Adjective Position

Italian adjective positionItalian adjectives may be found before or after the nouns they modify, depending on various factors. Generally speaking, descriptive adjectives follow nouns, while limiting adjectives precede nouns.

   

   

Adverbs of Manner

Italian adverbs of mannerAdverbs of manner express how the action of a verb occurs. In English, the vast majority of adverbs of manner end in -ly, whereas in Italian, they mostly end in -mente. They are usually created from adjectives.

   

   

   

   

Articulated Prepositions

Italian contracted articlesArticulated prepositions are the contractions of certain Italian prepositions with definite articles. In English, contractions like "I’m" and "won’t" are optional and indicate informality. In Italian, however, preposizioni articolate are required, regardless of the register you’re speaking or writing in.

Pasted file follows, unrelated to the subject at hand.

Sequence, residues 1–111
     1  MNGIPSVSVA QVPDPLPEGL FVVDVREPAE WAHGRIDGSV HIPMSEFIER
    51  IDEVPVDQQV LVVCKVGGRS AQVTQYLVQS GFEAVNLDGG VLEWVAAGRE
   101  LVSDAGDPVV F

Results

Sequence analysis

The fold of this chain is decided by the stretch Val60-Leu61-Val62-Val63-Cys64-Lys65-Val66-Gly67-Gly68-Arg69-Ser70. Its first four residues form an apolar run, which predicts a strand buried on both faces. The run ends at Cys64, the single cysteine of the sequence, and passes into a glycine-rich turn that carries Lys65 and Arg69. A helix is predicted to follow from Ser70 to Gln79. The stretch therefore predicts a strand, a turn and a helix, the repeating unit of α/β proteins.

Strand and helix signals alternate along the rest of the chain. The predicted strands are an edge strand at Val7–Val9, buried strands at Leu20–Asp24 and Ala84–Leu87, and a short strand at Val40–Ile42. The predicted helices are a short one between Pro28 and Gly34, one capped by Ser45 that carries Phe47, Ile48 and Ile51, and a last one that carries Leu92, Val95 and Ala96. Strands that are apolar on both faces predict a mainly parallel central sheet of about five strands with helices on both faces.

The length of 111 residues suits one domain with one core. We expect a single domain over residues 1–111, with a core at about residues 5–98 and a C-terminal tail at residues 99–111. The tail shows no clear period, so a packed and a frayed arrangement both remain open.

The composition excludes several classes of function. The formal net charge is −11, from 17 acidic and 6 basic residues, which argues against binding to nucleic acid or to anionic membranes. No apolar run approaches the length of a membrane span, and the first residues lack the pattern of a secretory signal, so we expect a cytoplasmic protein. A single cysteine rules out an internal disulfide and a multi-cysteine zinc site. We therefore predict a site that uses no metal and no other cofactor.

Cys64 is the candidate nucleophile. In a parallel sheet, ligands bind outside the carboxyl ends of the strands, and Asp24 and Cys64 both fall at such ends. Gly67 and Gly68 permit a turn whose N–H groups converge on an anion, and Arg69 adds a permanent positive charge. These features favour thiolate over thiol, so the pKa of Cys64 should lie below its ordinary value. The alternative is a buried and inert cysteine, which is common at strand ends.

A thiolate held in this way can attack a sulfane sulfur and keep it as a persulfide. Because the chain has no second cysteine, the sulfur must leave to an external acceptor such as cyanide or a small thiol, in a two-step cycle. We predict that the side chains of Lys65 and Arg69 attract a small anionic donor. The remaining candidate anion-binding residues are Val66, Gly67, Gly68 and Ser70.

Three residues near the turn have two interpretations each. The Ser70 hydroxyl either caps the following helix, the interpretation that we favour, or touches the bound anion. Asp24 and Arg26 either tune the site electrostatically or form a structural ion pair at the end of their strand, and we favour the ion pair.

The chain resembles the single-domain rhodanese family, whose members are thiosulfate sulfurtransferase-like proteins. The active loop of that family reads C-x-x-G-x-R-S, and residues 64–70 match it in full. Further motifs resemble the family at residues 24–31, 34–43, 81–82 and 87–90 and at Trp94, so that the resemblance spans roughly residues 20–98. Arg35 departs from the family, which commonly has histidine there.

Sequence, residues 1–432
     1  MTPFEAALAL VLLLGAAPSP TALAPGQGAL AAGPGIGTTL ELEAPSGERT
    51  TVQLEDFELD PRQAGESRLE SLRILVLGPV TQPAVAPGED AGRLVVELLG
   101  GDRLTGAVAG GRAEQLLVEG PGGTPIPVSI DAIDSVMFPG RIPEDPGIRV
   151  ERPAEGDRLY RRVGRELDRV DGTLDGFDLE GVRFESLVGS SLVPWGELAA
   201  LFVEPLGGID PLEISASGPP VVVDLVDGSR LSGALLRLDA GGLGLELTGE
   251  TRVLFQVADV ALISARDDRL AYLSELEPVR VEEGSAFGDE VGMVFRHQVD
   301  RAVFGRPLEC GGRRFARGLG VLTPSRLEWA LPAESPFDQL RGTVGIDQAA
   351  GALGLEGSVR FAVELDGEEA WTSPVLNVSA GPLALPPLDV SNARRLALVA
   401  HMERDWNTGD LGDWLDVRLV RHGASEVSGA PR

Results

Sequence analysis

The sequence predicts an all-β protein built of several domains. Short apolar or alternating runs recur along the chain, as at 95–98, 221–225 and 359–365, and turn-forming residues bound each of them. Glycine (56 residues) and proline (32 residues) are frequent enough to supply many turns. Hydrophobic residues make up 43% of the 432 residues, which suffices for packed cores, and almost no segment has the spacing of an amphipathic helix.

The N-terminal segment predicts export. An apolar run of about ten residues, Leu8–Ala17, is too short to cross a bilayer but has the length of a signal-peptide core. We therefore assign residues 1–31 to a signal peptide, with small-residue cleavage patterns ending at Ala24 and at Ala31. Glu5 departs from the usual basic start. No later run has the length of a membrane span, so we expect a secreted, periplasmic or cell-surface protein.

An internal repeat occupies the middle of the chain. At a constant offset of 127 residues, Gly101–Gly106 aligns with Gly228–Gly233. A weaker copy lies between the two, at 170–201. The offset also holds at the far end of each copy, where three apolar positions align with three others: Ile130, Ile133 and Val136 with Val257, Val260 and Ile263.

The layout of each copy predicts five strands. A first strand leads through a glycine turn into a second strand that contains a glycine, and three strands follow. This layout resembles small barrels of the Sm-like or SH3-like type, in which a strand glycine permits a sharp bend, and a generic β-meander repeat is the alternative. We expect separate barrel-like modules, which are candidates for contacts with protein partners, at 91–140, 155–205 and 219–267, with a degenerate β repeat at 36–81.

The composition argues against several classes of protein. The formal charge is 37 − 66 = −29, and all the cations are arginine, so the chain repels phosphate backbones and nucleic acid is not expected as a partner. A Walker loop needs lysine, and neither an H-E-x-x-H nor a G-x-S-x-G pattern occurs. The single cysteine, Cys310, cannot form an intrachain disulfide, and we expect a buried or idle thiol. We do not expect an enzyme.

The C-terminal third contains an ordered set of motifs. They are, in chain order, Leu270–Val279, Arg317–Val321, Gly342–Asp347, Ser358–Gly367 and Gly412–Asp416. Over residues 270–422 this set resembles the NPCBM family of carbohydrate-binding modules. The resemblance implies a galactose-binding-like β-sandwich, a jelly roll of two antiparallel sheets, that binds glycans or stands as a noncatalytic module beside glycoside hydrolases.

Chores

Italian chores
No one likes to do them, but everyone has to. Learn how to talk about common household chores in Italian.

   

Demonstrative Adjectives

Italian demonstrative adjectivesDemonstrative adjectives (this, that) are used to indicate a specific noun or nouns. In Italian, they must agree with the noun(s) in number and sometimes gender: questo, quella, quei ….

   

Dovere – must, to have to

Dovere - must, to have toDovere is a very common Italian verb with irregular conjugations and an unusual relationship to some of its English equivalents. It has several meanings related to obligation, supposition, and expectation.